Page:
Red Trevi Fountain Prankster on Trial for Making a Mess

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Filed under: Culture Jamming and Reality Hacking

‘Red Trevi’ Man Faces Charges
ANSA.it
October 13, 2008

Prankster ‘defaced’ fountain, prosecutors say

Rome, October 22 – A man who made worldwide headlines last year by turning the waters of the Trevi Fountain red is facing charges of defacing monuments, judicial sources said Monday.

Rome prosecutors have wound up their probe into the October 19 incident and have concluded that Graziano Cecchini won’t be charged with the more serious crime of damaging Italy’s cultural heritage because cleaners managed to remove all traces of the red dye he used.

However, the prankster should still be put on trial for vandalising one of Italy’s most famous monuments, the prosecutors said.

The waters of Rome’s most famous fountain turned blood red when Cecchini, 54, threw his dye into the basin in a bizarre act of vandalism apparently inspired by the Futurists of the early 20th century.

Cecchini, 54, a former right-wing extremist, carried out his stunt during the Rome Film Festival, delighting tourists and enraging officials.

”There’s the red carpet, Valentino red and now red Trevi too,” he said, adding that he was trying to raise awareness of the plight of Italy’s casual workers.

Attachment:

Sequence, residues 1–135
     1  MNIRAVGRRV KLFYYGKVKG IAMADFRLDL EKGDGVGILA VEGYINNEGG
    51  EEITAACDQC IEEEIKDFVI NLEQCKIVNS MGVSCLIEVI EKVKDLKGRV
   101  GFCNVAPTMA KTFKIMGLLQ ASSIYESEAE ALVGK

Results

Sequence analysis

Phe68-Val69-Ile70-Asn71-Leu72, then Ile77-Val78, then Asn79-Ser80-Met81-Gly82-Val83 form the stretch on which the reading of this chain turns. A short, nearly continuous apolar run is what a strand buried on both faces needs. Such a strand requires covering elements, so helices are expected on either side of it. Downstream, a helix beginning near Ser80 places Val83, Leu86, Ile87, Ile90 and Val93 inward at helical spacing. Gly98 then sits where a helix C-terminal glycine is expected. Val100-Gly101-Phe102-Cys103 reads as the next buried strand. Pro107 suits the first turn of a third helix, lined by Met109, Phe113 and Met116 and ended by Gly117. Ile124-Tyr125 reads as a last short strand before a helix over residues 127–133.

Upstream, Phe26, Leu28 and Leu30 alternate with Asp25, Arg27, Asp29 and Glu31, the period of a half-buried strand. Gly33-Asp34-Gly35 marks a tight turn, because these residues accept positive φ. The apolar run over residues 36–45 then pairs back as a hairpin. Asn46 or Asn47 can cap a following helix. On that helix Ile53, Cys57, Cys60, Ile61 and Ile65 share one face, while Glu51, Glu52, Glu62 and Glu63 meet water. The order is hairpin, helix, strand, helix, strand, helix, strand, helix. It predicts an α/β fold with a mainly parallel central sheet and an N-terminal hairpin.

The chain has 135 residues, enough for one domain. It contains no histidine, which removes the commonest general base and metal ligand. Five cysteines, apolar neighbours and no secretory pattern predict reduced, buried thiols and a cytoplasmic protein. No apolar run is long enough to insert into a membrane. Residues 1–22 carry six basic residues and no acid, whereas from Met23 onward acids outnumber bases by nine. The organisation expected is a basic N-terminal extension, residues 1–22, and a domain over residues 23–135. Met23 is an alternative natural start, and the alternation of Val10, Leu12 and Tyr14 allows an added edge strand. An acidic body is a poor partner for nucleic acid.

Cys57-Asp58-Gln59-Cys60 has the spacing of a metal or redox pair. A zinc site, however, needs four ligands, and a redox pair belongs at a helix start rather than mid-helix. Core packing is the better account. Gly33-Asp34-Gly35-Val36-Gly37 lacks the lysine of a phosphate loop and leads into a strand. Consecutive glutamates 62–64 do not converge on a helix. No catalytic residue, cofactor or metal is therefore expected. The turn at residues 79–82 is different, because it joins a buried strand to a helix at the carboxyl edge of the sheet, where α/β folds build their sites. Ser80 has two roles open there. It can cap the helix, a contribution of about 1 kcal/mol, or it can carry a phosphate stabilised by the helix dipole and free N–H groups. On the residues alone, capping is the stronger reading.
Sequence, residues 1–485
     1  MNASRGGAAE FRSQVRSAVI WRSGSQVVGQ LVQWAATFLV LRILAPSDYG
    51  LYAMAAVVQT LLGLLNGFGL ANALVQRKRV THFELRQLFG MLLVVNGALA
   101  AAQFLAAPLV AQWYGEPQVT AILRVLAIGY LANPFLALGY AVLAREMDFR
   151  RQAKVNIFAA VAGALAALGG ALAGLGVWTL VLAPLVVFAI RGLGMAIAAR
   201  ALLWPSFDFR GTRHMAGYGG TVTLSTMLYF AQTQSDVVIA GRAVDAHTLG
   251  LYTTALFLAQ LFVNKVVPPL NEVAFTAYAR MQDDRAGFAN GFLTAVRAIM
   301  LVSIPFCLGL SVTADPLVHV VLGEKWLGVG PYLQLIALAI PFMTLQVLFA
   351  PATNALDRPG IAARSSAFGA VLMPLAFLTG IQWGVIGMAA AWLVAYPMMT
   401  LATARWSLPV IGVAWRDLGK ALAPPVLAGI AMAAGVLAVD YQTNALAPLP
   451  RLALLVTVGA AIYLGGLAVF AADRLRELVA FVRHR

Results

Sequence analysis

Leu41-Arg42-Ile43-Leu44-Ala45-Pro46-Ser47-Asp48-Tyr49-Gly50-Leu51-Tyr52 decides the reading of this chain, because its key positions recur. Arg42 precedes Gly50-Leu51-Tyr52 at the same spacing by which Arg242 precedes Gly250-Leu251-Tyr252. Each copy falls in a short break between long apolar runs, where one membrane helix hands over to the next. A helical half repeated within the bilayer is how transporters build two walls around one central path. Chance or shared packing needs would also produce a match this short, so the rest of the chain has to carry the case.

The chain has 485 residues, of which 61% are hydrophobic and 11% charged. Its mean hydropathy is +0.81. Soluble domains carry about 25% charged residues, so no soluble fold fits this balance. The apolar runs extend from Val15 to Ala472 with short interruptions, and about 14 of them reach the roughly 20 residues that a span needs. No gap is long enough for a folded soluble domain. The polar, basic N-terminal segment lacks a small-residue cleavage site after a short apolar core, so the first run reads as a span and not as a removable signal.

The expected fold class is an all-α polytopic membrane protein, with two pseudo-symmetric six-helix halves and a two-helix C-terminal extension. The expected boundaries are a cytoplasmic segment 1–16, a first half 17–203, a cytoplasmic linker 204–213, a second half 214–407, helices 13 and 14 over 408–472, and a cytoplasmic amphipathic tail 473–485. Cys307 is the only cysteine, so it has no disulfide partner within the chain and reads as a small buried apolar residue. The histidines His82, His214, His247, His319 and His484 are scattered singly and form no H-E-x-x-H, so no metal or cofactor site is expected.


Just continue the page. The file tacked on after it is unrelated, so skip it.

The dye assault was claimed by ‘FTM Futurist Action 2007’, a previously unknown group which said it aimed to turn this ”grey bourgeois society into a triumph of colour”.

Cecchini followed up the attack on the iconic fountain by sending about half a million coloured balls thundering down Rome’s Spanish Steps on January 16.

As tourists rushed about picking up souvenir balls, police quickly cordoned off the area and called in the municipal refuse collectors. They arrived a little later with large nets to scoop up the coloured spheres.

Cecchini said the prank was a protest against the ”balle” (balls, or lies) allegedly fed to a gullible public by politicians of all stripes.

The self-styled ‘activist artist’ is currently on trial in Rome for ”interrupting public services”.

He faces a fine for creating a mess in a public place and stopping buses and taxis running.

Cecchini won several plaudits after his Trevi feat and appeared on a number of TV shows. One of his admirers was Milan’s then culture chief, prominent art critic Vittorio Sgarbi.

Sgarbi also liked the Spanish Steps balls, saying ”anarchy is a typical feature of contemporary art”.

Photo: Evan Theroux

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